The US Army began closing Camp Nelson at the end of the war in 1865, taking down all the buildings and removing all the evidence of the Camp.
The “White Hall” that had been confiscated for the creation of Camp Nelson was returned to the Perry family. According to the Historical Marker database, “After the Civil War, Oliver and Frances and their sons Robert and John returned to the house. Oliver became a prominent farmer. John Perry and his wife, Tabitha Roberts Perry, continued to live in the house after Oliver and Frances died. The house stayed in the Perry family until 1948.”
The only other evidence of Camp Nelson ever existing was the wartime graveyard, that would go on to become a National Cemetery.
Camp Nelson Receives the Attention it Deserves
Now knowing the story of Camp Nelson, the answer to my original question, “Why did we just begin talking about Camp Nelson in 2018?” is quite clear. Camp Nelson is the story of the positive impact that emancipated slaves had on the winning of the Civil War and the role that the camp played in recruiting and training 10,000 black men. After the Civil War and a LONG TIME AFTER, the stories of African Americans in history were buried because we as a country struggled to change our mindset. (“We” meaning the ones with the most influence, i.e. those that were writing the history, which were predominately white males. Read about the Reconstruction Era in Kentucky here.)
Finally, in 2016, Camp Nelson Historic and Archeological District became a National Historic Landmark. The Perry House became a museum and reconstruction of a barracks building began. In 2018, President Donald Trump proclaimed its establishment as a National Monument and the lesser known stories began to be told. Camp Nelson has also been recognized as an official site on the NPS National Underground Railroad Network to Freedom.
Today, a new building has been erected that houses a wonderful museum with a plethora of information for adults to read and recreations to help younger children visualize the time period and way of life for these men, women, and children. There is a wonderful video that is well worth your time to sit down and watch before you tour the museum and grounds.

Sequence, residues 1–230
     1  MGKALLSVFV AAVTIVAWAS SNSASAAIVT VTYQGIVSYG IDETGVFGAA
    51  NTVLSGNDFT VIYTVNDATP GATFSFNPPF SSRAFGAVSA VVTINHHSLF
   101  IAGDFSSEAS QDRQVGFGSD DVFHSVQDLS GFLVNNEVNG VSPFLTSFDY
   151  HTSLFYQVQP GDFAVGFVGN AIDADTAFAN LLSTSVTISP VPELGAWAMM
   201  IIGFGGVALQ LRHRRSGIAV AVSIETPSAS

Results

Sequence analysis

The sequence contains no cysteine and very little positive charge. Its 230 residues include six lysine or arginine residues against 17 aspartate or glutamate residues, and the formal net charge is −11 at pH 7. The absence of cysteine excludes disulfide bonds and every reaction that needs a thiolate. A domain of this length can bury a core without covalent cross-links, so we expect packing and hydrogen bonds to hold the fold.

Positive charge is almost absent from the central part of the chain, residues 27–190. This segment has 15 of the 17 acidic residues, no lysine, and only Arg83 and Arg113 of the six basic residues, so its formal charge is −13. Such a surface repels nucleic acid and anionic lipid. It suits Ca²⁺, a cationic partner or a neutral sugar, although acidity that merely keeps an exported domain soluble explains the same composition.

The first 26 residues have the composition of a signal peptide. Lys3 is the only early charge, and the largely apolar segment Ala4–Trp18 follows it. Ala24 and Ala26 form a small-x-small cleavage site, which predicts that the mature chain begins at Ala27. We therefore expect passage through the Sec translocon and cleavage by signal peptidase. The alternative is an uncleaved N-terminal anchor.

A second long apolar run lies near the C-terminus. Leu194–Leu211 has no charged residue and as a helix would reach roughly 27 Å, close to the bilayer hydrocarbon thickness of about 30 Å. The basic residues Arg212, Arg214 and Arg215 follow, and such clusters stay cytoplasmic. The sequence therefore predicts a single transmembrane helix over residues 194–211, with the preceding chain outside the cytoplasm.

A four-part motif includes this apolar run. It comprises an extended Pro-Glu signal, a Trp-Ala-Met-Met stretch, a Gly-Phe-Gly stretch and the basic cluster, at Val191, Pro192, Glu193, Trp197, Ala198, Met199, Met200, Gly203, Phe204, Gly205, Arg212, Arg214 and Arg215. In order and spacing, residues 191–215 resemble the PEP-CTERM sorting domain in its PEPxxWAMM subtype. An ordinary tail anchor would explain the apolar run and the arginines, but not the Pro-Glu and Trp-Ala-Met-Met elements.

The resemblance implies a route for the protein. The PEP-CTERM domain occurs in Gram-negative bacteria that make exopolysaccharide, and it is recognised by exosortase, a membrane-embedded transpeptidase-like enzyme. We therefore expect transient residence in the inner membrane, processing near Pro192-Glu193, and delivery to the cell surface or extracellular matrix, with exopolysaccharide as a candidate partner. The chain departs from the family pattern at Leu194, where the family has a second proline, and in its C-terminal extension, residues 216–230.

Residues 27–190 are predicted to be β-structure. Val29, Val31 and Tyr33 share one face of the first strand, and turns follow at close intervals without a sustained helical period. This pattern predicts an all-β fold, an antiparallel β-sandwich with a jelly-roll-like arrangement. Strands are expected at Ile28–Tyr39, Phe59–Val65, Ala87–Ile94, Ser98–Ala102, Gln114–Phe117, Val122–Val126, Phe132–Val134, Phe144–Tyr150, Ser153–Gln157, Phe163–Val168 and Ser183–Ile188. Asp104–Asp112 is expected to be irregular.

Above: Personal Photos of the Camp Nelson Museum
The Perry House is currently closed for more renovations but you can walk all the way around the home.
Above: Personal Photos of the Perry Home at Camp Nelson National Monument
Many acres on the property can be walked via moved paths that lead you to the remains of the earthen fortifications and the original graveyards.
Above: Personal Photos of the Grounds and Rollings Hills at Camp Nelson National Monument
Conclusion and Reflection
There is so much history at Camp Nelson that I can’t begin to cover it all. I didn’t even talk about the battles that the US Colored Troops fought in and the effects that they had on the outcome of the war. Those stories are better told by someone who better understands military battles and strategies than I do. There is so much information on the National Park Service website, and I have tried to link much of those resources within this post.
While there is not a lot to see, in regards to buildings on the property and the home not open for tours, Camp Nelson has done a fantastic job of telling the history through signage and photos, helping you to visualize how those wide open rolling hills would have looked between 1863 and 1865. I truly believe it is worth a visit. These lesser known stories need to be told and it will only happen when people stop in for a visit.
So, take a drive through the beautiful rolling hills of Kentucky, roll your windows down and enjoy the fresh air, and appreciate the America we have today because of the people that came before us – both black and white. While you’re out there, make a stop at both Camp Nelson National Monument AND Camp Nelson National Cemetery (cared for by the US Department of Veterans Affairs). Show your appreciation for the numerous men and women who have served to make Kentucky (and America) the wonderful place that it is today. May their stories continue to be told for centuries to come and never again be buried or forgotten.